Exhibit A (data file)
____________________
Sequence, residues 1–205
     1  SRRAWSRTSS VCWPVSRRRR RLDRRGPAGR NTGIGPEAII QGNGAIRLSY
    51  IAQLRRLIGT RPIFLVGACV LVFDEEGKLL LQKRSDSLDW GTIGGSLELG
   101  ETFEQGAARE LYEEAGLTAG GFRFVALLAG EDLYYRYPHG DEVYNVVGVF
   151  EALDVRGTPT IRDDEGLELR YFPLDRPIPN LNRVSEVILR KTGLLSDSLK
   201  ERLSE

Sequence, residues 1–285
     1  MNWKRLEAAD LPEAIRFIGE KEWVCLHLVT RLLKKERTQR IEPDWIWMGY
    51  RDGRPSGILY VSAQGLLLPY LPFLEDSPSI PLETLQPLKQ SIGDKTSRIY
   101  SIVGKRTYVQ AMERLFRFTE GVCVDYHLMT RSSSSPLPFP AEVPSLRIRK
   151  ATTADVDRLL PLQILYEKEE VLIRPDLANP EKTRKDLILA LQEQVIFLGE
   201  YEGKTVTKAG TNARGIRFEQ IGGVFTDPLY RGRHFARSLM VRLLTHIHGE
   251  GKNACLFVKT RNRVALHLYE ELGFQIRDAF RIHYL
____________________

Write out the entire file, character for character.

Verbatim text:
Sequence, residues 1–205
     1  SRRAWSRTSS VCWPVSRRRR RLDRRGPAGR NTGIGPEAII QGNGAIRLSY
    51  IAQLRRLIGT RPIFLVGACV LVFDEEGKLL LQKRSDSLDW GTIGGSLELG
   101  ETFEQGAARE LYEEAGLTAG GFRFVALLAG EDLYYRYPHG DEVYNVVGVF
   151  EALDVRGTPT IRDDEGLELR YFPLDRPIPN LNRVSEVILR KTGLLSDSLK
   201  ERLSE

Sequence, residues 1–285
     1  MNWKRLEAAD LPEAIRFIGE KEWVCLHLVT RLLKKERTQR IEPDWIWMGY
    51  RDGRPSGILY VSAQGLLLPY LPFLEDSPSI PLETLQPLKQ SIGDKTSRIY
   101  SIVGKRTYVQ AMERLFRFTE GVCVDYHLMT RSSSSPLPFP AEVPSLRIRK
   151  ATTADVDRLL PLQILYEKEE VLIRPDLANP EKTRKDLILA LQEQVIFLGE
   201  YEGKTVTKAG TNARGIRFEQ IGGVFTDPLY RGRHFARSLM VRLLTHIHGE
   251  GKNACLFVKT RNRVALHLYE ELGFQIRDAF RIHYL